Scottish TV has reported that Scot soldiers on duty in Afghanistan have been handing out kites to the Afghan youth as a gift of friendship.
Kite flying is a well established cultural tradition in Afghanistan and the soldiers of the Second Battalion of the Royal Regiment of Scotland working near the Afghan village of Popalzai in the Lashkar Gah area of the country have gained popularity with the local youth through the gift of kites.
Reporter Cara Sulieman of stv writes that:
"Now they are concentrating on building relationships with the local community and have found the kites have gone down a storm.
Children in the area were not allowed to play with the popular toys when the insurgents ruled the village. With the help of soldiers from The Royal Highland Fusiliers, they are now building and flying the kites.
Colour Sergeant Roddy Weir said: “Before long the soldiers were sharing a laugh and a joke with the local children. The kids were thrilled to receive the kites and almost overwhelmed the soldiers who were showing them how to put them together.
“It was a strange experience for most of the young soldiers - it's not often you deploy on a foot patrol only to find yourself playing with kites and entertaining the local children.”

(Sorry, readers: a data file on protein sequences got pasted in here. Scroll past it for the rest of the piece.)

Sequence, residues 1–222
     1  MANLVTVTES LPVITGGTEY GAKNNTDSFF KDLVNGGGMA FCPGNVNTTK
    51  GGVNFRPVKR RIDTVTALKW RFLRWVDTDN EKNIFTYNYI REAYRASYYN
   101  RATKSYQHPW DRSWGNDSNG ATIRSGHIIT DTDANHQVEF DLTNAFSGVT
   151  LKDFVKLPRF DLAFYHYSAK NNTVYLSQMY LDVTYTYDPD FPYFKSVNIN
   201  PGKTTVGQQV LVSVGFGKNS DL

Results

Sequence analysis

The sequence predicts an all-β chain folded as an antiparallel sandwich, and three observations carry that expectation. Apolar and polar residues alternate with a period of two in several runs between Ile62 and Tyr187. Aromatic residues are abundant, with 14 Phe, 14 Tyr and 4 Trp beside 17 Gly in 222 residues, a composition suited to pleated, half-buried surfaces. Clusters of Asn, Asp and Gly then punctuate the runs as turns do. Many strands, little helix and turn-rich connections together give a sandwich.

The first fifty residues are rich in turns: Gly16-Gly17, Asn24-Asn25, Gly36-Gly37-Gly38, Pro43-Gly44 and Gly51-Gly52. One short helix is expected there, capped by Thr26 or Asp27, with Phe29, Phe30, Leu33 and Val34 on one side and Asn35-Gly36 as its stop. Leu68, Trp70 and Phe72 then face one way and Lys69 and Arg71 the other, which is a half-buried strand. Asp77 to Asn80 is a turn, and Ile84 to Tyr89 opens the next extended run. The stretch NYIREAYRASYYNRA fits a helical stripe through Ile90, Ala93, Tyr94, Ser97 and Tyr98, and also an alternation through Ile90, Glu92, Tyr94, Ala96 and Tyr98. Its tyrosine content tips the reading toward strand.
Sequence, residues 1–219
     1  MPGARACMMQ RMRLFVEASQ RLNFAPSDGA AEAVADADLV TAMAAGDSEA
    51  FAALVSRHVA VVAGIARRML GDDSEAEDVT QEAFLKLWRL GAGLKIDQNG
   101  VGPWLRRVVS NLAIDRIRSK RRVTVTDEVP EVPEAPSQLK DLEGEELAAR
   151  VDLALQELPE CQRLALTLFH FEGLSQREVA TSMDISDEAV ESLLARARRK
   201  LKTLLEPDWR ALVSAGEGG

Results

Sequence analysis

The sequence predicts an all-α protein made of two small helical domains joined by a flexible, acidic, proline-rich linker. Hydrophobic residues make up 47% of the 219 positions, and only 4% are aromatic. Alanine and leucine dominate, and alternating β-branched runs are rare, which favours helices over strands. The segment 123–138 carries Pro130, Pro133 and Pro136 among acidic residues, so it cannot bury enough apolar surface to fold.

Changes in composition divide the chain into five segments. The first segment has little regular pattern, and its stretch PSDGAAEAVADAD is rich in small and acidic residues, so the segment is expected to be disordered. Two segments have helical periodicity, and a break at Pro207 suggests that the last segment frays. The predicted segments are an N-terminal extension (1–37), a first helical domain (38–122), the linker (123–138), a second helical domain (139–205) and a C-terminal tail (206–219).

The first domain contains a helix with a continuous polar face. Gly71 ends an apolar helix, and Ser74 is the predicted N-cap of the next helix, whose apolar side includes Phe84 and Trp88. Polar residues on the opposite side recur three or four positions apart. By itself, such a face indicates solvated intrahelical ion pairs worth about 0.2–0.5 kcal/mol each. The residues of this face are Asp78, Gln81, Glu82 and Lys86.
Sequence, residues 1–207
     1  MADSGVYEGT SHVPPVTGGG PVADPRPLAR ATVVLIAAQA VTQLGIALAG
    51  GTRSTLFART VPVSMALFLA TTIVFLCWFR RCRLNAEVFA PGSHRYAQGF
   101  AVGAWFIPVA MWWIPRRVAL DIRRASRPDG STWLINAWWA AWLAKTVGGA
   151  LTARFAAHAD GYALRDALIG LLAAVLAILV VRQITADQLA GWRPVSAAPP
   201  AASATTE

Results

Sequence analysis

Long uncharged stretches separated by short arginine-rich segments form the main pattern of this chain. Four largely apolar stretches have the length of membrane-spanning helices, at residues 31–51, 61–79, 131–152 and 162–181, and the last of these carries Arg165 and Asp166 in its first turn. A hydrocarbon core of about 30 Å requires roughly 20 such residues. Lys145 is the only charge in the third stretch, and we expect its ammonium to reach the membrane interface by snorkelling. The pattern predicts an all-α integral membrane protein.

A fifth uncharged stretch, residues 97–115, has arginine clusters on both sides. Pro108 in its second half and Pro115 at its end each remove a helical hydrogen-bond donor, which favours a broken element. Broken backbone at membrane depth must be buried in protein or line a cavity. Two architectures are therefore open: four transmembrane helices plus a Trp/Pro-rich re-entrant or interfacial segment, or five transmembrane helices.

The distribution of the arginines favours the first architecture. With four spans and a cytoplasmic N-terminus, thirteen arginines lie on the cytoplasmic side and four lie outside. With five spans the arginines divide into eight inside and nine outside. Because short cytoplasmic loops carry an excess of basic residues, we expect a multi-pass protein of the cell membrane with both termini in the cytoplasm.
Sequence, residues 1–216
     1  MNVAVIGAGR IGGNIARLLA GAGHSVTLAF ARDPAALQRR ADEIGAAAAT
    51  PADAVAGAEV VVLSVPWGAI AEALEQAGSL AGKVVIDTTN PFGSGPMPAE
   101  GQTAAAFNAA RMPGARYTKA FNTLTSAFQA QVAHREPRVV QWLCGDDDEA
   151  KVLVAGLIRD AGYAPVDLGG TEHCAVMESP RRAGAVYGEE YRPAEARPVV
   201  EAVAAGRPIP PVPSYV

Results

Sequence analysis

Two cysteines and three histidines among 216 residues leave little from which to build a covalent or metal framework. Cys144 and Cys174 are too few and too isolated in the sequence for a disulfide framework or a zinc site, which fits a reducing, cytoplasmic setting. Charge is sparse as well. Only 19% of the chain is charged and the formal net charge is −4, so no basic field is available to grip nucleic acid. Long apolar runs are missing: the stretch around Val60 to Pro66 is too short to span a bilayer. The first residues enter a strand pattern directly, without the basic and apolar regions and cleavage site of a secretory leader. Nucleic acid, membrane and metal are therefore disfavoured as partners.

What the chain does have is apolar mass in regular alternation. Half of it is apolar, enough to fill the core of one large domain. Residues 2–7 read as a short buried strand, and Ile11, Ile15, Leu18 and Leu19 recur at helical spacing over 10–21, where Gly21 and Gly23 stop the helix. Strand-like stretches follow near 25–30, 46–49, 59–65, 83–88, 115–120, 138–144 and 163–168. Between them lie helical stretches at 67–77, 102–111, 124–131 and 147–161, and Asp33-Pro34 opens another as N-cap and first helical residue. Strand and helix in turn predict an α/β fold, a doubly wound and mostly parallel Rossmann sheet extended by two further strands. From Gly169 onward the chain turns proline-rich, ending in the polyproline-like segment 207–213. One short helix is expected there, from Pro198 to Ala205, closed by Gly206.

When on joint patrol, British and Afghan troops usually hand out notebooks, pens and Afghan flags as they build up links in the community.
The kite kits are a new addition to the presents and dozens were handed out on Wednesday.
Lieutenant Erik Smith added: “This was a fantastic sight and real evidence of progress in Helmand province."
The kites are not of the traditional Afghan kite variety but, nevertheless, they are a real hit with the youngsters.
Kite flyers all know the peaceful effects of kite flying as an expression of joy and appreciation of the outdoors, so it is no surprise that these gifts would have a positive effect on the young people of the area.